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14 January 1559 – The Coronation Procession of Elizabeth I

Posted By on January 14, 2015

Coronation_Procession_of_Elizabeth_I_of_England_1559 At 3pm on 14th January 1559, Elizabeth I, who had been queen since the death of her half-sister Mary on 17th November 1558, left the Tower of London in a litter of cloth of gold carried by two mules.

Sir John Neale wrote in the introduction to The Quenes Maiesties Passage through the Citie of London to Westminster the Day before her Coronacion, a primary source edited and published for the Elizabethan Club in 1960, of the pageants prepared for the procession by the people of London, who saw Elizabeth as “their Deborah […] the judge and restorer of the house of Israel”. He goes on to explain:

“In unmistakable language, verbal, pictorial, and symbolical, they proclaimed the new, revolutionary England which the citizens confidently expected her to inaugurate.”

He points out that the Biblical verses and imagery of Deborah used in the procession was rather prophetic, one verse telling of how Deborah “judged Israel till forty years were past”.

The procession was recorded for posterity in a pamphlet, The Quenes Maiesties Passage through the Citie of London to Westminster the Day before her Coronacion, which was printed on 23 January 1559, so just nine days after the procession. As Neale points out, Il Schifanoya, the Mantuan envoy, appears to have made use of the pamphlet when writing his long and detailed report of 23 January to the Castellan of Mantua. Henry Machyn gives a much shorter report in his diary:

“[The xiv day of January the Queen came in a chariot from] the Towre, with all the lordes and ladies [in crimson] velvet, and and ther horses trapyd with the sam, and [trumpeters in] red gownes blohyng, and all the haroldes in ther cottes armur, and all the strettes stroyd (strewed) with gravell; and at Grasyus strett a goodly pagantt of kyng [Henry] the viij and quen Ane ys wyff and of ther lenege, and in Cornelle (Cornhill) a-nodur goodly pagantt of kyng Henry and kyng Edward the vjth.; and be-syd Soper lane in [Cheap a]nodur goodly pagantt, and the condyth pentyd; [and] at the lytylle condutt a-nodur goodly pagant of a qwyke tre and a ded, and the quen had a boke gyffyn her ther; and ther the recorder of London and the chamburlayn delevered unto the quen a purse of gold fulle to the waluw of (blank); and so to the Flett strett to the condyt, and ther was a-nodur goodly pagantt of the ij chyrchys; and at Tempylle bare was ij grett gyanttes, the one name was Goott-magott (Gogmagog) a Albaon and the thodur Co(rineus).”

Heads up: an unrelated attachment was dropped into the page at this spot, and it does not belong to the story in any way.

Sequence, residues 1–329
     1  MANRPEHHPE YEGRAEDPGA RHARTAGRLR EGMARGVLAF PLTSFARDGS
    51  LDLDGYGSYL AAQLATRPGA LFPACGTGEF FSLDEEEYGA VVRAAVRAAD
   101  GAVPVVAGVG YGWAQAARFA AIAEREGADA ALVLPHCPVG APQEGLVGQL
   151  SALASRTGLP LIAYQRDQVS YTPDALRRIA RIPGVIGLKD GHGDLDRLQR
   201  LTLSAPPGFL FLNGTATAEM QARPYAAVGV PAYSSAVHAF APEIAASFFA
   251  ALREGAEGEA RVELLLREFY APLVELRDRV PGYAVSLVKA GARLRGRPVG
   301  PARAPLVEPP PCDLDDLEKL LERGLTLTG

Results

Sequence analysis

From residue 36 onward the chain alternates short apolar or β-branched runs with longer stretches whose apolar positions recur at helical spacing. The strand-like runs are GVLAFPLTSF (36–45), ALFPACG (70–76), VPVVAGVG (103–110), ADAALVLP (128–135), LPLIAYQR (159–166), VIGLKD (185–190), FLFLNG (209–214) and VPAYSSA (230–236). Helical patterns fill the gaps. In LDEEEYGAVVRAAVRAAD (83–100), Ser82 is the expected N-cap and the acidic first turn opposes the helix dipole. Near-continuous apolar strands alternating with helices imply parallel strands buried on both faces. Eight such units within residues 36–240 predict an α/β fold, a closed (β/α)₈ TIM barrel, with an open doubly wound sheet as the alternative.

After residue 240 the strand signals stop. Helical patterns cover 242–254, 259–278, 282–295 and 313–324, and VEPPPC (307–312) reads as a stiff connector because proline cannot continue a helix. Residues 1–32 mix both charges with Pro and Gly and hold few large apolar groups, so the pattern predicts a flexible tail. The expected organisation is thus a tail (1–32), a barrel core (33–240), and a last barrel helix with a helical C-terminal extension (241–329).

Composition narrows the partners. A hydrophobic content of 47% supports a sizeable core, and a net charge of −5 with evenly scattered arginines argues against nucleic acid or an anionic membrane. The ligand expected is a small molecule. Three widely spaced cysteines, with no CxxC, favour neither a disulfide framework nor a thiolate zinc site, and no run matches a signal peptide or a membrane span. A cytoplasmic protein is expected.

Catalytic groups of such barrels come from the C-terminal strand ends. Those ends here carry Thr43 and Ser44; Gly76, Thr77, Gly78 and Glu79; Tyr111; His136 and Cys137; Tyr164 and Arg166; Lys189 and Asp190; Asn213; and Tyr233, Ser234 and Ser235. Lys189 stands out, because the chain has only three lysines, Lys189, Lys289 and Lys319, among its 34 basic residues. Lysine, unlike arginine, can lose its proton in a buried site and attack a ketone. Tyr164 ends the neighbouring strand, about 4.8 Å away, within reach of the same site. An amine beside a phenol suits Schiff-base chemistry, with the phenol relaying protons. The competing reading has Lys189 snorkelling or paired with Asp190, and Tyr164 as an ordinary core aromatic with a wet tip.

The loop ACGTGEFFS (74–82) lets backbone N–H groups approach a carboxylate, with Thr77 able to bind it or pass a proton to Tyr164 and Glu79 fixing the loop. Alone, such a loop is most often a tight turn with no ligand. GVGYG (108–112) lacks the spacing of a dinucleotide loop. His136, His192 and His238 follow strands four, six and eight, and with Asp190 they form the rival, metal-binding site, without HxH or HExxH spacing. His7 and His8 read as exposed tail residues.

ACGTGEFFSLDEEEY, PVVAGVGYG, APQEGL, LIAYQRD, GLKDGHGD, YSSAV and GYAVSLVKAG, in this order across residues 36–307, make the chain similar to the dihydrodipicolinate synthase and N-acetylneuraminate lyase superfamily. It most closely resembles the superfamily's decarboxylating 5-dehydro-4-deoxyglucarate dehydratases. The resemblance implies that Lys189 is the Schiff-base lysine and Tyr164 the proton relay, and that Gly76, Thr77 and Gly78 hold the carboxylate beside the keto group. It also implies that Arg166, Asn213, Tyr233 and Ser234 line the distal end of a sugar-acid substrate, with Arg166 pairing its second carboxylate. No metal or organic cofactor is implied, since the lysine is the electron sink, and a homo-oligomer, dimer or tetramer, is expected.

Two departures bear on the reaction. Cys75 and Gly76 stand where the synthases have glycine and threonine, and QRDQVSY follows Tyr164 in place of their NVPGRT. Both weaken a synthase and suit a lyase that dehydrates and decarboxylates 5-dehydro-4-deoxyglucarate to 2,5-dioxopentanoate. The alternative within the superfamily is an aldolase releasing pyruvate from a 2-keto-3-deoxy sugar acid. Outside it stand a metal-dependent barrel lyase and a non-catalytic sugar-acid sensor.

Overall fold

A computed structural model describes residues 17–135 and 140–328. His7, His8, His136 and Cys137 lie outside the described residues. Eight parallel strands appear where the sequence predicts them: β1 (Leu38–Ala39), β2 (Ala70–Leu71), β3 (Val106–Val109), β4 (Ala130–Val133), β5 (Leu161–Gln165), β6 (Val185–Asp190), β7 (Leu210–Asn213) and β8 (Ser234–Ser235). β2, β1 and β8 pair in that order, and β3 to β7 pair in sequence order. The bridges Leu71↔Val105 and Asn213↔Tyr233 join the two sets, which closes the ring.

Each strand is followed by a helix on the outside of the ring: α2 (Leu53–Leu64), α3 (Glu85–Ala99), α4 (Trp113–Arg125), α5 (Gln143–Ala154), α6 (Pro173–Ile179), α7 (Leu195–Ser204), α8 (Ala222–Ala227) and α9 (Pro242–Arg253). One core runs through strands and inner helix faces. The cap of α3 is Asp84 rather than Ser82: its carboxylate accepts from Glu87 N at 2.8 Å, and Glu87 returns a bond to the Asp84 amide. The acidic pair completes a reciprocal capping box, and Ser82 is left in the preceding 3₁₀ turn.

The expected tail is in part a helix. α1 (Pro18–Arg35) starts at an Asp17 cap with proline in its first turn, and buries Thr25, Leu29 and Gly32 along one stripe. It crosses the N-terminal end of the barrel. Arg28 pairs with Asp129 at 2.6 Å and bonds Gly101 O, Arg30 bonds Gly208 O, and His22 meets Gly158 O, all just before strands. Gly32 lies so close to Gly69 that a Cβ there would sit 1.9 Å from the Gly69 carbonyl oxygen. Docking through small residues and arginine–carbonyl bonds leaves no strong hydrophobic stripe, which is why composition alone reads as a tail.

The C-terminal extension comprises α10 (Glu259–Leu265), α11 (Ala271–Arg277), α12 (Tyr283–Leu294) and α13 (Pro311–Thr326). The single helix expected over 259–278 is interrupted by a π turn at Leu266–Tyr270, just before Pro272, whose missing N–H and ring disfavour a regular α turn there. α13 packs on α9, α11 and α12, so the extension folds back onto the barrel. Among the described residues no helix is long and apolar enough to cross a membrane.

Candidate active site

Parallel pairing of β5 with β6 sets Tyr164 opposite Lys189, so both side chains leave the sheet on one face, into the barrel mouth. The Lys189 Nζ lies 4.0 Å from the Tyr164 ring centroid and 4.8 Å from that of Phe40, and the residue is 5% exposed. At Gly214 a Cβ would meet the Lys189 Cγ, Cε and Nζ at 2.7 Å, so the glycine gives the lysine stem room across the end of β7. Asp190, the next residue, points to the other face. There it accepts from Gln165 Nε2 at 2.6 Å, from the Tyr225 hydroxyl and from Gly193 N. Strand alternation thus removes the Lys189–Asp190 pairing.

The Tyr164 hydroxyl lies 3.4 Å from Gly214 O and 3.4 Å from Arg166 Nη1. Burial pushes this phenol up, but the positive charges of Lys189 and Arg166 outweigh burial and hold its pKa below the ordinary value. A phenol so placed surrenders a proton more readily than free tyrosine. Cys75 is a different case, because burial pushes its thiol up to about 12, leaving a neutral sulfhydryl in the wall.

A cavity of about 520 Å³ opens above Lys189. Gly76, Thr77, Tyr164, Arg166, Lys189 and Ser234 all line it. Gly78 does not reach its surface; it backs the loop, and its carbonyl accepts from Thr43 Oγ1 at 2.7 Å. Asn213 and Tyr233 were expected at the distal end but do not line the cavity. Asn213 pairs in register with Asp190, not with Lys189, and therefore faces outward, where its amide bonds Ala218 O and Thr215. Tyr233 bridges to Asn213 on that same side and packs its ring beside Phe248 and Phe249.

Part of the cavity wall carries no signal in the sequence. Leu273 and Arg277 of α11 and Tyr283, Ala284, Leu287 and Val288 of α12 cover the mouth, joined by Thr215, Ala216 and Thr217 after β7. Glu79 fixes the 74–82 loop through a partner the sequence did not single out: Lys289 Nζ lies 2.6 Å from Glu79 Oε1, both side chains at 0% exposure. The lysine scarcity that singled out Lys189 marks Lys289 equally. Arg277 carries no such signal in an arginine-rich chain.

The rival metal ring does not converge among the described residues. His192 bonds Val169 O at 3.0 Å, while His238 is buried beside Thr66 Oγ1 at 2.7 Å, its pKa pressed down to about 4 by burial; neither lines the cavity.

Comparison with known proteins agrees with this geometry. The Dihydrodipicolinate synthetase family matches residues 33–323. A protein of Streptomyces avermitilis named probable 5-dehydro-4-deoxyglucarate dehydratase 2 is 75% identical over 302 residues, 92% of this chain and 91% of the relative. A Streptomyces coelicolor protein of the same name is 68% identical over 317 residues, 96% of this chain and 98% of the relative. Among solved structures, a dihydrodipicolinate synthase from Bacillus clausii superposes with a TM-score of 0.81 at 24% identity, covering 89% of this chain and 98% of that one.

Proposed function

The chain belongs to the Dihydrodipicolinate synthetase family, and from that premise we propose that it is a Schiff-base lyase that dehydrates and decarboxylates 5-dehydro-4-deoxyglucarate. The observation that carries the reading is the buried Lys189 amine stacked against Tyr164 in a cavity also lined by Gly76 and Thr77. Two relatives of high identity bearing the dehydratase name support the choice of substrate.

You can read more about the pageants at Gracechurch Street, Cornhill, Soper’s Lane and Cheapside in my article from 2014 – click here – and you can read more from the primary sources over at the Tudor Society, see www.tudorsociety.com/elizabeth-is-coronation-procession-primary-source-accounts/.

Notes and Sources

  • The Quenes Maiesties Passage through the Citie of London to Westminster the Day before her Coronacion, ed. James M. Osborn, published for the Elizabethan Club, Yale University Press, 1960.
  • The Diary of Henry Machyn Citizen and Merchant-Taylor of London (1550-1563), published by Camden Society, London, 1848, p184-201.

4 thoughts on “14 January 1559 – The Coronation Procession of Elizabeth I”

  1. Jane Eyre says:

    And to imagine Elizabeth spent 3 months in the Tower, and how the most trusted advisers of her sister Queen Mary begged her Elizabeth to be executed…

    …and then she became the greatest Queen of England!

  2. Diana says:

    Hello:

    This is Diana from Mexico City and I really enjoy this beautiful link because I admire all about The Tudors. When I read the link, I feel conected with all about I see here beause it reminds me my trips to England and the places I have been like castles, The Tower of London, strees and books that I have read about it.

    Greetings from my country and congratulations for the link 😉

  3. Jamie says:

    I bet Anne Boleyn would have been so proud 🙂

  4. mary- churchill Klippstein says:

    I always enjoy your beautifully wwritten articles.I tbink this is a wonderful way to spread the history of England and to make us know more about the monarchy.

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